As demand increases, weather becomes more unpredictable, and resource conservation becomes more and more pressing for agribusinesses, traditional methods of farming have become not only old-fashioned but completely obsolete. Just as you wouldn’t get yourself to work via horse and buggy, growers aren’t out in the fields with an ox-pulled plow.

Instead, an arsenal of data-collecting, process-enhancing technology is in the field—or the air if we’re talking satellite-enabled tech—helping growers meet agricultural expectations in the form of improved and increased yields.

Agricultural Drones

For good reason, the agriculture sector has become one of the main commercial markets utilizing drones or—if you want to get more technical—Unmanned Aerial Vehicle (UAV) technology. With so many practical uses of drones in agriculture, precision software can’t be classified as high-performing if it doesn’t include drone waypoint software and drone integration capabilities.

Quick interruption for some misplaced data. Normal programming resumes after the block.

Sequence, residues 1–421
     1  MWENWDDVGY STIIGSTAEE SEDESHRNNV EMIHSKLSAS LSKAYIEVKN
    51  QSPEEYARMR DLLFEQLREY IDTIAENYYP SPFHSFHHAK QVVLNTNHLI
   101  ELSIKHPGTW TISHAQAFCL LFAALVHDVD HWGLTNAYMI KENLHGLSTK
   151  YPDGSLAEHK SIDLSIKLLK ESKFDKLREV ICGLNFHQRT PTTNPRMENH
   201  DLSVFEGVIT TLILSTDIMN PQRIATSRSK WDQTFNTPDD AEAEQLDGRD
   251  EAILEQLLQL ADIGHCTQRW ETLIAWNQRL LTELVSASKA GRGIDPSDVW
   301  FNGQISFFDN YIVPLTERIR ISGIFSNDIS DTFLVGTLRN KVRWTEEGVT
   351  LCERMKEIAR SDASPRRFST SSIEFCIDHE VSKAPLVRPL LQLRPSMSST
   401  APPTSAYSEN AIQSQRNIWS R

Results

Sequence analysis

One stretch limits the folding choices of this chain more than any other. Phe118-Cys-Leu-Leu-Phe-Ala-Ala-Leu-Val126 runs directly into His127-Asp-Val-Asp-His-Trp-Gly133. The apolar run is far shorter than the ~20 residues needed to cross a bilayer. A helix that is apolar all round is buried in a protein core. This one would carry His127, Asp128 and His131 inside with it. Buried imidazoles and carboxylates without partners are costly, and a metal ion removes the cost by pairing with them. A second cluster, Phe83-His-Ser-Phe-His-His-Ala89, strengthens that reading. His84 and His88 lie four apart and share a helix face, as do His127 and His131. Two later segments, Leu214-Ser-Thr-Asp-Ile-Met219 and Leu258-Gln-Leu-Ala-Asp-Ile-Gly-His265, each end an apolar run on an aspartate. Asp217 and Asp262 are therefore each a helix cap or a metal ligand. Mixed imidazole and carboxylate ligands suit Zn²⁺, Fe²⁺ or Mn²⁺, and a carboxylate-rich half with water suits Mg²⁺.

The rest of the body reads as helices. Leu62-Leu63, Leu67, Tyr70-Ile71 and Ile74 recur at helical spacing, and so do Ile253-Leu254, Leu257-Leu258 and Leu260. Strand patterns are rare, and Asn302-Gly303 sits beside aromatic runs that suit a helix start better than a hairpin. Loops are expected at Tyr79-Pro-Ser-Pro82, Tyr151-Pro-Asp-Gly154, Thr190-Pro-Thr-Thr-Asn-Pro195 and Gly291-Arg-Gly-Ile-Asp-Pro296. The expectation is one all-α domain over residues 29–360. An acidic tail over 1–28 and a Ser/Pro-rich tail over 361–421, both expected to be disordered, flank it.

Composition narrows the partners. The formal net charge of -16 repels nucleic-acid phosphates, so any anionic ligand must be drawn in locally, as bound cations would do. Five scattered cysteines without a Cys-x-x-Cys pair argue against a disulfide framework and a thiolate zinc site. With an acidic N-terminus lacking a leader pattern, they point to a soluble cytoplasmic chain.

UAVs rapidly survey vast stretches of land, map properties, monitor crop health, and even spray crops with water, pesticides, or fertilizers. When it comes to larger-scale farming operations, drones are a highly practical way to gather various types of intelligence regarding a large area of land in a short amount of time.

Soil Sensors

Soil sensors are another technology, literally, in the field—or, in this case, in the soil—helping crop growers make informed agricultural decisions. These sophisticated tools possess the capacity to detect a range of biological metrics for detailed soil composition insights.